Today, the Bureau of Economic Analysis (BEA) released its initial estimate of major components of GDP for the second quarter of 2018, showing that the U.S. economy grew at an annual rate of 4.1 percent. The U.S. economy is likely on track to reach 3 percent GDP growth for the year, and growth this quarter reached the highest point since the third quarter of 2014. While a positive sign of continued economic expansion, it’s important to remember that this is a snapshot of economic activity over the last three months, not necessarily a long-term trend.
According to the BEA, second quarter GDP rose by 4.1 percent (annualized rate), which is up from the revised 2.2 percent growth in the first quarter of 2018. Exports increased 9.3 percent, likely in reaction to trade policy; companies rushed to export goods like soybeans before tariffTariffs are taxes imposed by one country on goods or services imported from another country. Tariffs are trade barriers that raise prices and reduce available quantities of goods and services for U.S. businesses and consumers. s took effect. This particular change is not expected to persist. Personal consumption expenditures increased 4.0 percent, indicating that consumers are spending more. Gross private domestic investment decreased 0.5 percent, driven by a decrease in residential investment.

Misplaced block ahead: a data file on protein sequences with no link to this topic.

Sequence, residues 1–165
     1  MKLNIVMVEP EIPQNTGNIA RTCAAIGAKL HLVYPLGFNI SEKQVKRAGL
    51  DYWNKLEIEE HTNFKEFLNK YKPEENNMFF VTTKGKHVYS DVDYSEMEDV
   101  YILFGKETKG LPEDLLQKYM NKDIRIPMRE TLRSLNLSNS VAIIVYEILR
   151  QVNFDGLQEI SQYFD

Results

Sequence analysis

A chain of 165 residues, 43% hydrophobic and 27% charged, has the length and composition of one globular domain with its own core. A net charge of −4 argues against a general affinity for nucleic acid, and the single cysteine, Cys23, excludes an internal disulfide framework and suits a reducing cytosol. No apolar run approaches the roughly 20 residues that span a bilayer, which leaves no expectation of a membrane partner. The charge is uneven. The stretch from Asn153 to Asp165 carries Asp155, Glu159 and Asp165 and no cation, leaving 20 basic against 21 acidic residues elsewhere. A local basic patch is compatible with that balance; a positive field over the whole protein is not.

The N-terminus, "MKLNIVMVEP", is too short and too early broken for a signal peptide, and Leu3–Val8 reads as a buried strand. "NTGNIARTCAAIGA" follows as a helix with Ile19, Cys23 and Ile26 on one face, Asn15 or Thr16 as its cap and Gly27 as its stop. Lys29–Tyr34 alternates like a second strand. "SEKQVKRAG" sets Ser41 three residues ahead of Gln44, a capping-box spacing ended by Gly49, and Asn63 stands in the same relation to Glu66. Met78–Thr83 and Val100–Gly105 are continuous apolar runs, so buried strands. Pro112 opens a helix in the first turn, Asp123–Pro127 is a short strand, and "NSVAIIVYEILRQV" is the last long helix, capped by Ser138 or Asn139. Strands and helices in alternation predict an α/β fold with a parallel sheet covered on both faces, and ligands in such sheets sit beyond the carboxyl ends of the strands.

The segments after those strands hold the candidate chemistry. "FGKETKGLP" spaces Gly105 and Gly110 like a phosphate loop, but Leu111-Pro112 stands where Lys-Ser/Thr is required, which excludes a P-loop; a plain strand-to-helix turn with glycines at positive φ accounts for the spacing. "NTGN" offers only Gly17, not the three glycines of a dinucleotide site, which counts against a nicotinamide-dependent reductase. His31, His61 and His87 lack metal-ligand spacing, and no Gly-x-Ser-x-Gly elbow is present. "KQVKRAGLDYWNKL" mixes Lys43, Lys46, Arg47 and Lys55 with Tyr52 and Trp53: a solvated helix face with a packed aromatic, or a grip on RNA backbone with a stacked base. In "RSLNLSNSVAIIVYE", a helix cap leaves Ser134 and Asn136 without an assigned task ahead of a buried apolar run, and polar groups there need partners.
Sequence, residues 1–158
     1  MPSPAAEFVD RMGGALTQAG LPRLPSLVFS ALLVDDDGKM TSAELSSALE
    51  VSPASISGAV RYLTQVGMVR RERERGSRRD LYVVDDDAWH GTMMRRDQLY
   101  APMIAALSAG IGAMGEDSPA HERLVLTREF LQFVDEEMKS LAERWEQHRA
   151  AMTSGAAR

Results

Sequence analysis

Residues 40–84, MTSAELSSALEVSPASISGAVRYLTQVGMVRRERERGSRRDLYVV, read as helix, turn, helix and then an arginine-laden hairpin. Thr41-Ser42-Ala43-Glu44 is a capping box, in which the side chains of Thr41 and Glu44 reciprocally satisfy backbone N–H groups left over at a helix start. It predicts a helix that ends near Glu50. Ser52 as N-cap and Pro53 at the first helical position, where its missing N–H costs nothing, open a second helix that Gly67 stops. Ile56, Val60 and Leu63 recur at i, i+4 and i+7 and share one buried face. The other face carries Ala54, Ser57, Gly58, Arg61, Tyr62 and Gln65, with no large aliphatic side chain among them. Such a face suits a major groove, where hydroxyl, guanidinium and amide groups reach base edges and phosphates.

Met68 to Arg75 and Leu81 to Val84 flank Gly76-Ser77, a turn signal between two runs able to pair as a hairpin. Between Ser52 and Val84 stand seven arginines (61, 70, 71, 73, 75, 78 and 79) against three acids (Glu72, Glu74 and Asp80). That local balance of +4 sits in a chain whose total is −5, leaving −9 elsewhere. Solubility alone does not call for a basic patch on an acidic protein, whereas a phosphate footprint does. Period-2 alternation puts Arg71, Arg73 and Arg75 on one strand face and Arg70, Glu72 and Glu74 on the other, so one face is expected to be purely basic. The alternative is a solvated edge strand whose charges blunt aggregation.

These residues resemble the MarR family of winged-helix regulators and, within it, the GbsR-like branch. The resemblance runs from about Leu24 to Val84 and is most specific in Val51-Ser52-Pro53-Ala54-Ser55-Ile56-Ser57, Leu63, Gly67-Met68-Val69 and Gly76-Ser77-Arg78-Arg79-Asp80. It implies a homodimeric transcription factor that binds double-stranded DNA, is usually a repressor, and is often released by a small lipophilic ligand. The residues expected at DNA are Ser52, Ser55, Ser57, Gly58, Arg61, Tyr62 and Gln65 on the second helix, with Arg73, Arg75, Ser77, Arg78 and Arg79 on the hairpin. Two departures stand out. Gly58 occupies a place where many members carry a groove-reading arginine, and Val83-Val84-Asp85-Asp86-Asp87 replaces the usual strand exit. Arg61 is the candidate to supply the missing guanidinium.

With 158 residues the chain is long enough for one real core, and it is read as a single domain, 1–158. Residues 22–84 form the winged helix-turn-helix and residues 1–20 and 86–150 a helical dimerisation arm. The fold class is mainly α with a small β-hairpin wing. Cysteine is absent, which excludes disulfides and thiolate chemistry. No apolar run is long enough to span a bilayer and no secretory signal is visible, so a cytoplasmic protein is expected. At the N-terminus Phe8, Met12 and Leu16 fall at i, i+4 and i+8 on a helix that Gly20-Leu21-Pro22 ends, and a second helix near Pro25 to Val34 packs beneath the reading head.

Today’s release also included a comprehensive update of the National Income and Product Accounts (NIPA). This update included changes the BEA made to seasonal adjustments, other measurement methods, and some definitions. The update also features a change in reference year, going from 2009 to 2012 for chained-dollar estimates.
As we noted last quarter, we should be careful making definitive conclusions from macroeconomic aggregates. A short time period is not sufficient to make conclusions about long-term policy changes, and these are estimates of economic activity that are often revised later. It is nearly impossible to tease out interactions among tariffs, trade uncertainty, taxA tax is a mandatory payment or charge collected by local, state, and national governments from individuals or businesses to cover the costs of general government services, goods, and activities. policy, and hundreds of other changing economic factors, and we can never observe the counterfactual, or the economy in which tariffs had not been imposed and the tax law never passed.Share